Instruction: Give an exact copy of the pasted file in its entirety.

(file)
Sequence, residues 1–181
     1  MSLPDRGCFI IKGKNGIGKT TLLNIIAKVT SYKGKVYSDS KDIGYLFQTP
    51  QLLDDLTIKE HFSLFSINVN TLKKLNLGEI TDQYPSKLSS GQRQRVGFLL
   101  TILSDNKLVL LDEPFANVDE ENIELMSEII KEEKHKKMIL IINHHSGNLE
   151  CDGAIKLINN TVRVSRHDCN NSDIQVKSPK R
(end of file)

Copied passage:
Sequence, residues 1–181
     1  MSLPDRGCFI IKGKNGIGKT TLLNIIAKVT SYKGKVYSDS KDIGYLFQTP
    51  QLLDDLTIKE HFSLFSINVN TLKKLNLGEI TDQYPSKLSS GQRQRVGFLL
   101  TILSDNKLVL LDEPFANVDE ENIELMSEII KEEKHKKMIL IINHHSGNLE
   151  CDGAIKLINN TVRVSRHDCN NSDIQVKSPK R